A reader writes in:
Just some thoughts from my time working with Afghanistan. No one would dispute that the opium industry needs to be shut down. But the poppy has as much to do with the farmers as it does with the Taliban. It’s actually not all that complicated. It is the lightest crop available (it can be moved on the backs of motorbikes), which is crucial when you have no paved roads going in and out of your region. It requires very little irrigation, which is essential when you have very low rainfall where you live. It commands a high price for smaller amounts – essential when you can only grow limited amounts and can’t move your crop in bulk to markets. You don’t have to refrigerate or preserve it in any way, also fundamental when you have no storage systems in the region for real cash crops, and the only markets are extremely far away, meaning everything else will spoil. Sure they use it to finance their activities, but there are also farmers out there whose families are starving to death who have told people they will fight for the right to grown enough to feed their families. And with whom do you think they fight?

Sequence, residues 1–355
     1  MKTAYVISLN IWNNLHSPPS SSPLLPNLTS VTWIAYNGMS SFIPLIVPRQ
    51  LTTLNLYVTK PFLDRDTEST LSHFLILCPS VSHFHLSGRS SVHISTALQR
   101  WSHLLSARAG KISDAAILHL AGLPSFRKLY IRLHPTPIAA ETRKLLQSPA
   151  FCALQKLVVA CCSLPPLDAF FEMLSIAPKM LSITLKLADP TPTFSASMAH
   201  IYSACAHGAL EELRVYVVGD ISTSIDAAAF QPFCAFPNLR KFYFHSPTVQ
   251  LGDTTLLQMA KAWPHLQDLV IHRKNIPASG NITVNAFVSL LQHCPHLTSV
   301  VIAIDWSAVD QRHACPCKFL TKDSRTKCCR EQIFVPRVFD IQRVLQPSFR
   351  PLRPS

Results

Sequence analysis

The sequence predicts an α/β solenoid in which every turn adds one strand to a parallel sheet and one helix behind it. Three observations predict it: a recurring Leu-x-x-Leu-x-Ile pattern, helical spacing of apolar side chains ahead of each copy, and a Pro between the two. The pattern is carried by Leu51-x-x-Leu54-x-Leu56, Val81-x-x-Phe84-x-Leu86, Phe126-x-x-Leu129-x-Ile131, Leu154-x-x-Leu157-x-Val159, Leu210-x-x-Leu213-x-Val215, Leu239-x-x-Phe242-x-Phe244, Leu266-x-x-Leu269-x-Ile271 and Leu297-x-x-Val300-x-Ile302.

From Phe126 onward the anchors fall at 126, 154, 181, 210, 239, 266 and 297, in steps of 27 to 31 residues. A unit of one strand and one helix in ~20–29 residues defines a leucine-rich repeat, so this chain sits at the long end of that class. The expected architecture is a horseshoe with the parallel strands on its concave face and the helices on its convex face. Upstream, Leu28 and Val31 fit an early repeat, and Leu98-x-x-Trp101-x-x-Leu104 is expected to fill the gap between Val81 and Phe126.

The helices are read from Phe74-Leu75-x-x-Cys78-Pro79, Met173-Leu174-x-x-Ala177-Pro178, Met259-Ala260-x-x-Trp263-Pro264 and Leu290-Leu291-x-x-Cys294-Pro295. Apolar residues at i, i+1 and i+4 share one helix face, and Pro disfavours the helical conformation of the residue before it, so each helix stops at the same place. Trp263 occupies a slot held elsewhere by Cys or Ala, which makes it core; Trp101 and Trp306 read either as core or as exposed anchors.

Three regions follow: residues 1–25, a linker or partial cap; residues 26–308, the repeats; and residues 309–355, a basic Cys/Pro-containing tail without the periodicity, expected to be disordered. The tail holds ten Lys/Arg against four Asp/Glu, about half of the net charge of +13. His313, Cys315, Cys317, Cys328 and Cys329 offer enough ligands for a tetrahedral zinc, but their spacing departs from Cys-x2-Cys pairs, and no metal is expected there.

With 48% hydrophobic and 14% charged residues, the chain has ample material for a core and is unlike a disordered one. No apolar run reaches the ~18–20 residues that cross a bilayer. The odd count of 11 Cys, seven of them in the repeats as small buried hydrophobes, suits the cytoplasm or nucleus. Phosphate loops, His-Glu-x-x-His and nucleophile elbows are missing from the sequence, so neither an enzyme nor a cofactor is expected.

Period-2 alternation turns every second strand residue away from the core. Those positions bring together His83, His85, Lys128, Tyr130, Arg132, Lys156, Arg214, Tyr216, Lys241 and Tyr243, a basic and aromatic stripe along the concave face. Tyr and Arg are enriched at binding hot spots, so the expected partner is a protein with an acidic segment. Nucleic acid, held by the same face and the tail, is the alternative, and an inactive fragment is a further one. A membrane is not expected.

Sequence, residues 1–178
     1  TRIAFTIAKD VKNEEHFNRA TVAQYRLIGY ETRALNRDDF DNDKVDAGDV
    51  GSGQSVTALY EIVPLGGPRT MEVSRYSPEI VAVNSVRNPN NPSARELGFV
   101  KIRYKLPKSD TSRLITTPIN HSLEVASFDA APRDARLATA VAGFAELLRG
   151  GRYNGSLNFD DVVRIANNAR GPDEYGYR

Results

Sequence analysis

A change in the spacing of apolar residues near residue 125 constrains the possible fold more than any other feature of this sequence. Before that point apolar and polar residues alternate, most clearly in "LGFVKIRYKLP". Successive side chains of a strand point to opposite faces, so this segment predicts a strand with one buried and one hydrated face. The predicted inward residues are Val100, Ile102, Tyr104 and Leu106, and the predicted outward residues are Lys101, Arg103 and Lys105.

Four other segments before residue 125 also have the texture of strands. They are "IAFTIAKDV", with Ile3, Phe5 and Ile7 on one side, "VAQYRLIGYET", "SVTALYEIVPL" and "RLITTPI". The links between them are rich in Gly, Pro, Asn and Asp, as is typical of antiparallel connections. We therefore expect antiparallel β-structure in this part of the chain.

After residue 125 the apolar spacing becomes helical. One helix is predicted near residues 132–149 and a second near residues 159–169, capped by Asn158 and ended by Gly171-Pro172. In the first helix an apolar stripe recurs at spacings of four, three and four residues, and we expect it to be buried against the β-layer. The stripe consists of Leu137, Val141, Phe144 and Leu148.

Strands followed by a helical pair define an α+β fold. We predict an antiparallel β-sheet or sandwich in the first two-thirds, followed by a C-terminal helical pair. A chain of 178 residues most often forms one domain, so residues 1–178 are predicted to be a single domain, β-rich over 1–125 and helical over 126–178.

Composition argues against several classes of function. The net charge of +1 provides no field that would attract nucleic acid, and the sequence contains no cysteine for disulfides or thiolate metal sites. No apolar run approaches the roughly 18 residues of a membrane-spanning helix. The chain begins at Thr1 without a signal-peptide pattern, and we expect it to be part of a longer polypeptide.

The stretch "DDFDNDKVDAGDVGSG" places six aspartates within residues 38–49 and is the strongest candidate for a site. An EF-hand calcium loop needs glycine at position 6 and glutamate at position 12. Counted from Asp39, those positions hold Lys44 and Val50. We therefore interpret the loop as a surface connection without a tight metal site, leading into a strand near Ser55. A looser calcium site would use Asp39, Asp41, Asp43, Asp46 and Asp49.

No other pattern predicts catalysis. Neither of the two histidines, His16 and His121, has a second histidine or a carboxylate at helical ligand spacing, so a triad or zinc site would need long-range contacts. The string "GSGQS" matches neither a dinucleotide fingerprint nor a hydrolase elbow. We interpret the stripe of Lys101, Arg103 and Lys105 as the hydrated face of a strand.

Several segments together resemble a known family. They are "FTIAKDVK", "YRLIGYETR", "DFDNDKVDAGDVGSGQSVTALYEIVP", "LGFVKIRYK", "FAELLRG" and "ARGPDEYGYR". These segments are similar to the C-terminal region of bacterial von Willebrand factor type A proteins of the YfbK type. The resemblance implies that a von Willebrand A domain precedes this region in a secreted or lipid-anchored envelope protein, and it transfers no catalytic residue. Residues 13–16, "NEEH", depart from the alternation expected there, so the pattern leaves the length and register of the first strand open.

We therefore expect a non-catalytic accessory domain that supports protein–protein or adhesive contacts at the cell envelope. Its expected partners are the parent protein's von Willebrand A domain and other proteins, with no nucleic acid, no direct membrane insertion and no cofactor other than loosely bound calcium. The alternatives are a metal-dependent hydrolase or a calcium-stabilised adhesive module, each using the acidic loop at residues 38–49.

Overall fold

And Foust has more here.
The very simple fact underscoring the difficulties of curtailing opium cultivation in Afghanistan is that, put simply, opium is the local economy in many areas of the country. Because USAID can’t provide direct cereal crop assistance to other countries, it also can’t give farmers realistic alternatives to growing poppies. The money is simply too attractive. Similarly, almost no other crop, including cereal crops or fruits or other cash crops, has an industry willing to front the capital necessary for large-scale cultivation—making poppy one of the only financial options for cash-strapped farmers.